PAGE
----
Man mourning loved one at graveyard | ajkkafe/Getty Images

Dear Tax Talk,

My husband is a Canadian citizen (U.S. permanent resident) and has some inheritance money coming to him from his mother’s estate (also a Canadian citizen). I understand the funds will not be eligible for estate taxes as it is from one non-U.S. citizen to another, but will it be subject to capital gains taxes on our individual filings? We file married/joint, but he does not work. Any assistance would be great as the IRS was unable to answer my question.

— Ann

Dear Ann,

The inheritance money your husband receives from his mother’s estate is not taxable to him and is not subject to capital gain taxes on your jointly filed U.S. income tax return. However, once he receives the funds, he will be responsible to report and pay any taxes due if the money is generating taxable income. For example, if he puts it in a savings account and the account starts generating interest income, then you will report the interest income as it is earned each year.

I want to make you aware that U.S. citizens, which include U.S. permanent residents, are required to complete IRS Form 3520, Annual Return to Report Transactions With Foreign Trusts and Receipt of Certain Foreign Gifts, if they receive more than $100,000 from a nonresident alien or foreign estate that is treated as a gift or bequest. This form is 6 pages long and you will see that in addition to the first page, Part IV is the specific place to report the required information. The Form 3520 is filed with your Form 1040 and substantial penalties may be applied if the information is incorrect or incomplete.

RATE SEARCH: Looking for a place to park your money? Compare CD rates at Bankrate.com today!

You may want to consider seeking the assistance of a qualified tax preparer to help you with your tax return for this year.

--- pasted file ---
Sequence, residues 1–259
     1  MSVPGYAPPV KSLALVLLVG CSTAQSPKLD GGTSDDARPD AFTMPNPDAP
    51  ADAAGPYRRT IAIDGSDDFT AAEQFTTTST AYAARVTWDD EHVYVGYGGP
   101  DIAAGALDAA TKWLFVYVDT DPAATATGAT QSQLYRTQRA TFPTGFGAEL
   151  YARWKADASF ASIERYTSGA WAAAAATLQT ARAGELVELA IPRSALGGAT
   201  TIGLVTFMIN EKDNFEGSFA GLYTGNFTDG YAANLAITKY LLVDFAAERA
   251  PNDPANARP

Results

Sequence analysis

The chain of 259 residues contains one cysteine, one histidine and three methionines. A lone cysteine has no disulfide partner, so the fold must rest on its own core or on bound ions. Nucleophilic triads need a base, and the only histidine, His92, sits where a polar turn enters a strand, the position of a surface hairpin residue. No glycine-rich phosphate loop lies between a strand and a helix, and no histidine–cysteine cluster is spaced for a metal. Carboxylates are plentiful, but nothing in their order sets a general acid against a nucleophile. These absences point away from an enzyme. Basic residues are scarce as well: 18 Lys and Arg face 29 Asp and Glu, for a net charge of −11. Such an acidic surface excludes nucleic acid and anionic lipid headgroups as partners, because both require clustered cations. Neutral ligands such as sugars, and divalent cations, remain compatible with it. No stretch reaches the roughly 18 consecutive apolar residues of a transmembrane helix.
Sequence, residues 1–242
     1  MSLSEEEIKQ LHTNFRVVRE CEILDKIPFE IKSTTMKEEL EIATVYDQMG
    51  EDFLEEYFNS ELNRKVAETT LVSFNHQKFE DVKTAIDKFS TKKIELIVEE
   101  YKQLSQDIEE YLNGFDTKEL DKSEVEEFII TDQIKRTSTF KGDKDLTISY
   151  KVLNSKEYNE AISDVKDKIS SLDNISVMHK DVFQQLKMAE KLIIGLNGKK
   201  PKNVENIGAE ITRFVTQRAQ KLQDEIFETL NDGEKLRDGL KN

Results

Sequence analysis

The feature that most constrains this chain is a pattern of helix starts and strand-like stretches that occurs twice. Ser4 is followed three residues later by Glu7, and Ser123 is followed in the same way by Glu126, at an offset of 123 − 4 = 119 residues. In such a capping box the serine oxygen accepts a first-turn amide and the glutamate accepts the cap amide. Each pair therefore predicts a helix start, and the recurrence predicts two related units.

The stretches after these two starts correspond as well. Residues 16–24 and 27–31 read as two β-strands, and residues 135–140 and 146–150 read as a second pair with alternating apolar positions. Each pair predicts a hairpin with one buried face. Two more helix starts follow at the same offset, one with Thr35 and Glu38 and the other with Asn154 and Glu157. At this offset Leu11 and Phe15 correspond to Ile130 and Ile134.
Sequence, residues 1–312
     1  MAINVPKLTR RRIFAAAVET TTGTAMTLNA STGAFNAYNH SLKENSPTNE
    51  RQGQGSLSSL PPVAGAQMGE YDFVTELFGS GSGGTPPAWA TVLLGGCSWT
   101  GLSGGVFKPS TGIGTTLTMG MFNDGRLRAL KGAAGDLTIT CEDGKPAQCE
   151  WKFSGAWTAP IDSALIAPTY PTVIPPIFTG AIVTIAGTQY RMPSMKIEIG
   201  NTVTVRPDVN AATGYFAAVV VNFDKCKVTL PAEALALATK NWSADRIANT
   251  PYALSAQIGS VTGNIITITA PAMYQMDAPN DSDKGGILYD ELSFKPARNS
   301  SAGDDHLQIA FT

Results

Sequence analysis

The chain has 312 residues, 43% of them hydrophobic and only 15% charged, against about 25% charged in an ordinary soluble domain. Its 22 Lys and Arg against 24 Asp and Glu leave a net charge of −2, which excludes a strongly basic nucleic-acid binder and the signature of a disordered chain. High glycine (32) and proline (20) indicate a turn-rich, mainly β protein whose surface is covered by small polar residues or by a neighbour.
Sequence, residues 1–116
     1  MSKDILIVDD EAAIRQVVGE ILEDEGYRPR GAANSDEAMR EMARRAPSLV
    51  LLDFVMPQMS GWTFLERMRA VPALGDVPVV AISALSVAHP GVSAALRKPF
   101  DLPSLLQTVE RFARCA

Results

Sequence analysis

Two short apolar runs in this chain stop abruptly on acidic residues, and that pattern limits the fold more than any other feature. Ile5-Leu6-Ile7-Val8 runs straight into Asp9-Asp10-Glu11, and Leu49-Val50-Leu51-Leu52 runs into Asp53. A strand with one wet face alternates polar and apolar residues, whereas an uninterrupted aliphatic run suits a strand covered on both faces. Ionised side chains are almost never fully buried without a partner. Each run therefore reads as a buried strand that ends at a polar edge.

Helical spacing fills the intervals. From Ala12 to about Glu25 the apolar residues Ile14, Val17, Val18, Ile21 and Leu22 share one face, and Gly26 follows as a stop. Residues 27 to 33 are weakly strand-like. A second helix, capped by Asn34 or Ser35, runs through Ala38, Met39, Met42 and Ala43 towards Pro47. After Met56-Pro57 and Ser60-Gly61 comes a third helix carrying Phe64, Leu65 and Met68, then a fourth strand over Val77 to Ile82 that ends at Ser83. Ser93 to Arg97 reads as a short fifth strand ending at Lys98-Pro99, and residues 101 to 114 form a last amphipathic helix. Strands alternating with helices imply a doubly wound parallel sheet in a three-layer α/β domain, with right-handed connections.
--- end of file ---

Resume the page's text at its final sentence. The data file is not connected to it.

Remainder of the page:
Thanks for the great question and all the best to you and your husband.

Ask the adviser

To ask a question on Tax Talk, go to the “Ask the Experts” page and select “Taxes” as the topic. Read more Tax Talk columns.

To ensure compliance with requirements imposed by the IRS, we inform you that any U.S. federal tax advice contained in this communication (including any attachments) is not intended or written to be used, and cannot be used, for the purpose of (i) avoiding penalties under the Internal Revenue Code or (ii) promoting, marketing or recommending to another party any transaction or matter addressed herein. Taxpayers should seek professional advice based on their particular circumstances.

Bankrate’s content, including the guidance of its advice-and-expert columns and this website, is intended only to assist you with financial decisions. The content is broad in scope and does not consider your personal financial situation. Bankrate recommends that you seek the advice of advisers who are fully aware of your individual circumstances before making any final decisions or implementing any financial strategy. Please remember that your use of this website is governed by Bankrate’s Terms of Use.

Promoted Stories